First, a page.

GW Catholics defend priest as other students campaign to oust him

Father Greg Shaffer leads a prayer in the Marvin Center’s Grand Ballroom. Hatchet File Photo

Updated: Friday, April 5 at 11:05 a.m.

This post was written by Hatchet staff writer Allison Kowalski.

Members of GW Catholics are standing up for their campus religious leader, Father Greg Shaffer, after another group of students mobilized a campaign to push him out.

The blog, “The Chaplain We Know,” features 10 student testimonies backing Shaffer, describing students’ positive experiences with the Newman Center priest.

Junior Chris Crawford said he created the blog after news broke Thursday that seniors Damian Legacy and Blake Bergen were lobbying GW officials to fire Shaffer.

“Over time, I have noticed that a certain narrative had emerged about Father Greg that was not actually in line with the Chaplain we all love. We know him as a man of humility, patience, and unconditional love, and this blog reflects that,” Crawford said.

Legacy, Bergen and at least 10 other students said they left the Newman Center because of Shaffer, and are demanding action from administrators. Both seniors say Shaffer, who had once been a close friend and adviser, forced them to step away from the Newman Center because they are gay.

Crawford said he had received an additional 15 submissions since posting on Facebook earlier Thursday evening.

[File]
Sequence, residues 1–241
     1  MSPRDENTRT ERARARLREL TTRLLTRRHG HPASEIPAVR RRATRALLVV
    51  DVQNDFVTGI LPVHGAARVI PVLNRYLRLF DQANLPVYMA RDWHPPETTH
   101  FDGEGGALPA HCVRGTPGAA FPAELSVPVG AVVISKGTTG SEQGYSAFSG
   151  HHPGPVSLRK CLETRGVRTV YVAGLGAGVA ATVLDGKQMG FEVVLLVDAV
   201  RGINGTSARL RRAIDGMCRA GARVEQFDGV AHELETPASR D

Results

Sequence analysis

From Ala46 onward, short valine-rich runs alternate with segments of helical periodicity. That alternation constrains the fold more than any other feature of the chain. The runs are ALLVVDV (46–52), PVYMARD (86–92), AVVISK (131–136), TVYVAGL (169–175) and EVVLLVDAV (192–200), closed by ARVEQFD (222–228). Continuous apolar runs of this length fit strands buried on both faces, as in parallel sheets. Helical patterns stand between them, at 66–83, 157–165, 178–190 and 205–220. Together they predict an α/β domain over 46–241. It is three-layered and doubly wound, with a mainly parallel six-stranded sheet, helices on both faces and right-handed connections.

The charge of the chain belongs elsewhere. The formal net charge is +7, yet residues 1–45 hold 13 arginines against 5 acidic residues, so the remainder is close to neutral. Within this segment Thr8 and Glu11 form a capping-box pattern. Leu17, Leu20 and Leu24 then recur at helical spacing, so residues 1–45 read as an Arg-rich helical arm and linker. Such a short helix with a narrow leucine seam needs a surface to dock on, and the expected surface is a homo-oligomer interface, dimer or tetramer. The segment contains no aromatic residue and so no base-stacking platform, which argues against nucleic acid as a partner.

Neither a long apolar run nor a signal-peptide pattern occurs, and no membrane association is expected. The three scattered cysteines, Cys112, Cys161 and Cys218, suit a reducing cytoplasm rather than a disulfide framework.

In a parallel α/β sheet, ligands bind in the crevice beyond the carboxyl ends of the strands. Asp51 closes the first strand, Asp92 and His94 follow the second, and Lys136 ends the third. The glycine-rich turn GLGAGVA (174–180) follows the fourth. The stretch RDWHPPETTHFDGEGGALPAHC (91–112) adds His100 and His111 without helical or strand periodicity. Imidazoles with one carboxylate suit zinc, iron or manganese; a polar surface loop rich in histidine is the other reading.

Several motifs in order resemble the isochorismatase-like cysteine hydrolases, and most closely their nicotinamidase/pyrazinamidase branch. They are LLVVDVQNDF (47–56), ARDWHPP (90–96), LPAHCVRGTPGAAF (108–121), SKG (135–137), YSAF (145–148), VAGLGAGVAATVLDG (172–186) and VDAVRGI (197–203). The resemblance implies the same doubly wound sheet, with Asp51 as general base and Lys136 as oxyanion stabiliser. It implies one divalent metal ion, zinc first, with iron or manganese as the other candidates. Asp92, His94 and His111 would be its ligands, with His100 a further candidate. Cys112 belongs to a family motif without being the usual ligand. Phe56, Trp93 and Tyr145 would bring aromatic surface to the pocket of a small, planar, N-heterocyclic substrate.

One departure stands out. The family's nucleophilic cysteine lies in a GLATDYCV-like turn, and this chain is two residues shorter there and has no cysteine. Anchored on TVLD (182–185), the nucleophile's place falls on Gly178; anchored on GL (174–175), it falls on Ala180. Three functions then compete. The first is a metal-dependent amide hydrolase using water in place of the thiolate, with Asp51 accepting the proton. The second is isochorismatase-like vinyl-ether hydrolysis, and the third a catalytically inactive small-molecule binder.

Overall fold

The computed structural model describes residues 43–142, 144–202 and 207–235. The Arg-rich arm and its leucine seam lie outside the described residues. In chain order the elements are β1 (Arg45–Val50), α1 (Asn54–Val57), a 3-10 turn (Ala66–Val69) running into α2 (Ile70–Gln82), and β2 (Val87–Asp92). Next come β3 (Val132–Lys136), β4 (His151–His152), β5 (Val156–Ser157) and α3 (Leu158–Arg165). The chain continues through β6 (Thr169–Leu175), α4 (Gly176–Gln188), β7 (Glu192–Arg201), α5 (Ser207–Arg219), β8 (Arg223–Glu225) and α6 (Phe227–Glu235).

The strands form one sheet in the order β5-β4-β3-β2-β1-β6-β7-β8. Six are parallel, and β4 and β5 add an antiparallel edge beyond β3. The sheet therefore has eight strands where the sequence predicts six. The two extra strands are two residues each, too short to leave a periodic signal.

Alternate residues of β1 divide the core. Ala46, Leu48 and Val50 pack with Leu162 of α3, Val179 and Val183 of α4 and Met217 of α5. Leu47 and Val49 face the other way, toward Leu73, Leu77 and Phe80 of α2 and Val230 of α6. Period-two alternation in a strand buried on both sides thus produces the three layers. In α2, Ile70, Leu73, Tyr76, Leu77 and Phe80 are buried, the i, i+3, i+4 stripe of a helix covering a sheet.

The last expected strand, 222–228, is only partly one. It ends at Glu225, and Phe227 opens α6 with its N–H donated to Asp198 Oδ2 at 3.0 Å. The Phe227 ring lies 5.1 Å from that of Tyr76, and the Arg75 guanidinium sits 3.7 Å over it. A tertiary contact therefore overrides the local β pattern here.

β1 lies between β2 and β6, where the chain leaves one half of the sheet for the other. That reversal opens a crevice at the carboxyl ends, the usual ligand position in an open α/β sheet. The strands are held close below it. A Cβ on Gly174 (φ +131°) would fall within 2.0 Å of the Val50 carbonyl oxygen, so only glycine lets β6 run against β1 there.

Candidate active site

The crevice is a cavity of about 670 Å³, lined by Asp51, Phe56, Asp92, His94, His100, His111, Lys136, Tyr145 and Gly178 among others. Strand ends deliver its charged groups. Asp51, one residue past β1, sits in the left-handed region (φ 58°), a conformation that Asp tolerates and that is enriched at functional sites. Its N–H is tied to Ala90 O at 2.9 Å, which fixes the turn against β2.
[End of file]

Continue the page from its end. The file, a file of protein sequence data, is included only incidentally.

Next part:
“I am overwhelmed by this outpouring of support,” Crawford said.

 One anonymous post was written by a student who received news before finals that the student’s dad had stage four cancer, and was not expected to live past a few weeks. After hearing the news, Shaffer drove nine hours to spend time with the student’s family and bless the father, who later made a significant recovery, according to the post.

“During the 24 hours that he was with us, Father Greg also was able to celebrate Mass with my family and give my father a blessing with Lourdes water. I will never forget or be able to truly express my gratitude for the selflessness and charity he showed by coming to be with my family over this past Christmas break,” the student wrote.

Another post stressed Schaffer’s “open-mindedness.”

“He’s heard my Confessions, on the occasion I’ve made myself go, without judging, and even if I was just asking for advice he has always been honest, but compassionate and non-judgmental,” the student wrote.

This post was updated Friday, April 5 at 11:05 a.m. to reflect the following:
A earlier version of this post stated that students had submitted posts to the blog Friday evening. These posts were submitted Thursday evening. We regret this error.

The Hatchet has disabled comments on our website. Learn more.